With these, and God for a gift,
It needs no wine to be merry!

I have bought for a wafer of bread
A garden of poppies and clover;
For a water bitter and dead
A foam of fire flowing over.
From the Lamb and his prison fare
And the owl's blind stupor, arise
Be ye wise, and strong, and fair,
And the nectar afloat in your eyes!

Arise, O ambrosial moon
By the strong immemorial spell,
By the subtle veridical rune
That is mighty in heaven and hell!
Drip thy mystical dews
On the tongues of the tender fauns
In the shade of initiate yews
Remote from the desert dawns!

Satyrs and Fauns, I call.
Bring your beauty to man!
I am the mate for ye all'
I am the passionate Pan.
Come, O come to the dance
Leaping with wonderful whips,
Life on the stroke of a glance,
Death in the stroke of the lips!

I am hidden beyond,
Shed in a secret sinew
Smitten through by the fond
Folly of wisdom in you!
Come, while the moon (the moon!)
Sheds her ambrosial splendour,
Reels in the redeless rune
Ineffably, utterly, tender!
Hark! the appealing cry
Of deadly hurt in the hollow: ---
Hyacinth! Hyacinth! Ay!
Smitten to death by Apollo.
Swift, O maiden moon,
Send thy ray-dews after;
Turn the dolorous tune
To soft ambiguous laughter!

Mourn, O Maenads, mourn!
Surely your comfort is over:
All we laugh at you lorn.
Ours are the poppies and clover!
O that mouth and eyes,
Mischevious, male, alluring!
O that twitch of the thighs
Dorian past enduring!

Where is wisdom now?
Where the sage and his doubt?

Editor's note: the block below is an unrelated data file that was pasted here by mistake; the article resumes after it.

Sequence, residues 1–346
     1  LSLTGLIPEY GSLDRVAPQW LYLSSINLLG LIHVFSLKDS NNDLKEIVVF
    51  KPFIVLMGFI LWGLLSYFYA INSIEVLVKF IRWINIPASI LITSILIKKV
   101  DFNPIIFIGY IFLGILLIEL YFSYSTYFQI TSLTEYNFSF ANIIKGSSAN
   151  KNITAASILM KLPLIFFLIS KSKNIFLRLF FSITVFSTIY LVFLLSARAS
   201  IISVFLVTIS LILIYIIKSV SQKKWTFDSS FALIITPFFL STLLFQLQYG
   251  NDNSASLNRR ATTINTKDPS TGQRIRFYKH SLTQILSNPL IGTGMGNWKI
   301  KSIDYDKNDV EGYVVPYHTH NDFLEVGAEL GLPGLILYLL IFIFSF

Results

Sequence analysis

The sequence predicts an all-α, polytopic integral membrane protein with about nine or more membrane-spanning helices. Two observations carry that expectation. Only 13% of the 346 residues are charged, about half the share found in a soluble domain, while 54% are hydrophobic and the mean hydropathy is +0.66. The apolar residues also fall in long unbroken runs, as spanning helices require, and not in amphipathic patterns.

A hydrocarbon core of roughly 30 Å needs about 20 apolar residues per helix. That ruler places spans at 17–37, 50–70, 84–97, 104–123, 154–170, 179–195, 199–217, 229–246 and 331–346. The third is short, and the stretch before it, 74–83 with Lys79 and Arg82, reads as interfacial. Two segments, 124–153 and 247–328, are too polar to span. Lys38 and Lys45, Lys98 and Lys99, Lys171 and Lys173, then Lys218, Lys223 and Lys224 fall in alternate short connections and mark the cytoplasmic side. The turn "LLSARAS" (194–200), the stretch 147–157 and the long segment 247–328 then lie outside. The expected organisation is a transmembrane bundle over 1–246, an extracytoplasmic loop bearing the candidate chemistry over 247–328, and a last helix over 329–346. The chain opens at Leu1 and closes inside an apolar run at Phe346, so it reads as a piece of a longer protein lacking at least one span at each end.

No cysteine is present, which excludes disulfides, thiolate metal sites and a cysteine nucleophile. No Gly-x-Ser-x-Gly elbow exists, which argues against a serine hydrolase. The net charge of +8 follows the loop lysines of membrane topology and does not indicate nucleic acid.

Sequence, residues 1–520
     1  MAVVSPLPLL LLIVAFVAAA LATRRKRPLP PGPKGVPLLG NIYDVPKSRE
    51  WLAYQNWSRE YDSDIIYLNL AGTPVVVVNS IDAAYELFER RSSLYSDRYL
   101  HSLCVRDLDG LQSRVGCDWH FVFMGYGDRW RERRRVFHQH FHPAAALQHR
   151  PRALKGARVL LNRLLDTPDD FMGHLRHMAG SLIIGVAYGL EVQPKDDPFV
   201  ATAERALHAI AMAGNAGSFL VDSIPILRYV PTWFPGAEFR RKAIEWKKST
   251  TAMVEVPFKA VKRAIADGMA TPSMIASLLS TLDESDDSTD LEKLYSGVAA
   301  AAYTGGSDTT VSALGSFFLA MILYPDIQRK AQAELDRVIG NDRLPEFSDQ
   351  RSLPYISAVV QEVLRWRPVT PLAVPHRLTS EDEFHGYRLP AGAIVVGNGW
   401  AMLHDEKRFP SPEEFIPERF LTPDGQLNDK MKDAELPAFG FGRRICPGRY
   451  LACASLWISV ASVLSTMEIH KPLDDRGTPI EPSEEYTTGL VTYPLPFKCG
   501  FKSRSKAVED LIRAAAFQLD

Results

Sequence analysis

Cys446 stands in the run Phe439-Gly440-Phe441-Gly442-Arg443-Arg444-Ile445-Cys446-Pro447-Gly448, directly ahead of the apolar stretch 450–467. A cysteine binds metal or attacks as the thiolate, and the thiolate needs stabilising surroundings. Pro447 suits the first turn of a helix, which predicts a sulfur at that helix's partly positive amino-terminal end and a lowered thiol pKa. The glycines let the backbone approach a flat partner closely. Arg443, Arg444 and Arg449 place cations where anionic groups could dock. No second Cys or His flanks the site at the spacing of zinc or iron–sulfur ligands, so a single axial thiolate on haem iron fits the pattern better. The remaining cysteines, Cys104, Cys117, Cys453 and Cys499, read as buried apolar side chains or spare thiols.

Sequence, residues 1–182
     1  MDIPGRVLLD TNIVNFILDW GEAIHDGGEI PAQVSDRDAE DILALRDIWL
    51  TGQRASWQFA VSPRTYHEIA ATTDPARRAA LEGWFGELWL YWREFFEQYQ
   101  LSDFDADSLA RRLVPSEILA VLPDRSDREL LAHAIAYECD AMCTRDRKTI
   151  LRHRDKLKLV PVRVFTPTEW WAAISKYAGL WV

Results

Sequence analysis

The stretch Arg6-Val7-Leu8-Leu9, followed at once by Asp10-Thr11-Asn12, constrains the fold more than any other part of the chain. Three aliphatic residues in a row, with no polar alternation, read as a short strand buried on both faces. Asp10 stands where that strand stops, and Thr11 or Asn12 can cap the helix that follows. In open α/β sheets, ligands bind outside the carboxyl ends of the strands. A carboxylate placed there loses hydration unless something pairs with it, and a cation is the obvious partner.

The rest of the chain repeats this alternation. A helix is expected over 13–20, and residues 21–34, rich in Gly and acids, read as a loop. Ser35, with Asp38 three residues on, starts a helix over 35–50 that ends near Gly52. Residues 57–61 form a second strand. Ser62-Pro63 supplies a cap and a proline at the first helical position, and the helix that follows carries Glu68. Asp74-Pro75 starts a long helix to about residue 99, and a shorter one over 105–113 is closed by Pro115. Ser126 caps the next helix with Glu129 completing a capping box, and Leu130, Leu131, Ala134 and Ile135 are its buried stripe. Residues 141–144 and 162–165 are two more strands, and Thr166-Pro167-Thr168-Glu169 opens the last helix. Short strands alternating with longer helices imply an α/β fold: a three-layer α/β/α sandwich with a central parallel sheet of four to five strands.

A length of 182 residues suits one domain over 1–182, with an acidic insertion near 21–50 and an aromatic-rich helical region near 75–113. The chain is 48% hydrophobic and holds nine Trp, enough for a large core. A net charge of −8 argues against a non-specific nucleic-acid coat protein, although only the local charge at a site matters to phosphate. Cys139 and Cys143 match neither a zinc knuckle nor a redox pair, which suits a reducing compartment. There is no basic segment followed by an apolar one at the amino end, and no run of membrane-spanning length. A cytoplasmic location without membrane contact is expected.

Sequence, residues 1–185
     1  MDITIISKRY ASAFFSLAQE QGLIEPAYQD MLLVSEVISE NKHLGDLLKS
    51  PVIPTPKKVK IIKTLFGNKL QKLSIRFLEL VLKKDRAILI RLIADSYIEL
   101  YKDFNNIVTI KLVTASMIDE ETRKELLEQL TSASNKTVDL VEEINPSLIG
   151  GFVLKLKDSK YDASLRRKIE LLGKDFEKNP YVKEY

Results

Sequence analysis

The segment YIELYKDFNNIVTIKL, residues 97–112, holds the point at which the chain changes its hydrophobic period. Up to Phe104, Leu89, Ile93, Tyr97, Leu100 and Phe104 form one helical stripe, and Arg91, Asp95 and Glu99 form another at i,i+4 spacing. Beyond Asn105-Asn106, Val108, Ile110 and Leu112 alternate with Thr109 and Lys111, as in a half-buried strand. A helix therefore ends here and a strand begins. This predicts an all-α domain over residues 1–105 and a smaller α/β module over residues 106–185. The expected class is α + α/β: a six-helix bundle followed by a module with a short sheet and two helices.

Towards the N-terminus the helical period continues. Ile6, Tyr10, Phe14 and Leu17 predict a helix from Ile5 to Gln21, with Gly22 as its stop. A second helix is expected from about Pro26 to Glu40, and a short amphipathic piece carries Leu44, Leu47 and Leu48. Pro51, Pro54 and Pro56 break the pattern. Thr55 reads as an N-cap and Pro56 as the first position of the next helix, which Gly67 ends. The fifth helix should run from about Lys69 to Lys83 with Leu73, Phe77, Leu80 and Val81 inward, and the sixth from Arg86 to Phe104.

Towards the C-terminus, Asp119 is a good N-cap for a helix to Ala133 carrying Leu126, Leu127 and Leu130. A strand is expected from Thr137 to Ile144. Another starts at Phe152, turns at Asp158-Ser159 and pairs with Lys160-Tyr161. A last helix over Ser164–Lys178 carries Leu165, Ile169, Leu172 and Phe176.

Surely the sweat of the brow
Hath driven the demon out.
Surely the scented sleep
That crowns the equal war
Is wiser than only to weep ---
To weep for evermore!

Now, at the crown of the year,
The decadent days of October,
I come to thee, God, without fear;
Pious, chaste, and sober.
I solemnly sacrifice
This first-fruit flower of wine
For a vehicle of thy vice
As I am Thine to be mine.

For five in the year gone by
I pray Thee give to me one;
A love stronger than I,
A moon to swallow the sun!
May he be like a lily-white goat
Crisp as a thicket of thorns,
With a collar of gold for his throat,
A scarlet bow for his horns!

Aleister Crowley

A November Night

There! See the line of lights,
A chain of stars down either side the street --
Why can't you lift the chain and give it to me,
A necklace for my throat? I'd twist it round
And you could play with it. You smile at me
As though I were a little dreamy child
Behind whose eyes the fairies live. . . . And see,
The people on the street look up at us
All envious. We are a king and queen,
Our royal carriage is a motor bus,
We watch our subjects with a haughty joy. . . .
How still you are! Have you been hard at work
And are you tired to-night? It is so long
Since I have seen you -- four whole days, I think.
My heart is crowded full of foolish thoughts
Like early flowers in an April meadow,
And I must give them to you, all of them,
Before they fade. The people I have met,
The play I saw, the trivial, shifting things
That loom too big or shrink too little, shadows
That hurry, gesturing along a wall,
Haunting or gay -- and yet they all grow real
And take their proper size here in my heart
When you have seen them. . . . There's the Plaza now,
A lake of light! To-night it almost seems
That all the lights are gathered in your eyes,
Drawn somehow toward you. See the open park
Lying below us with a million lamps
Scattered in wise disorder like the stars.
We look down on them as God must look down
On constellations floating under Him
Tangled in clouds. . . . Come, then, and let us walk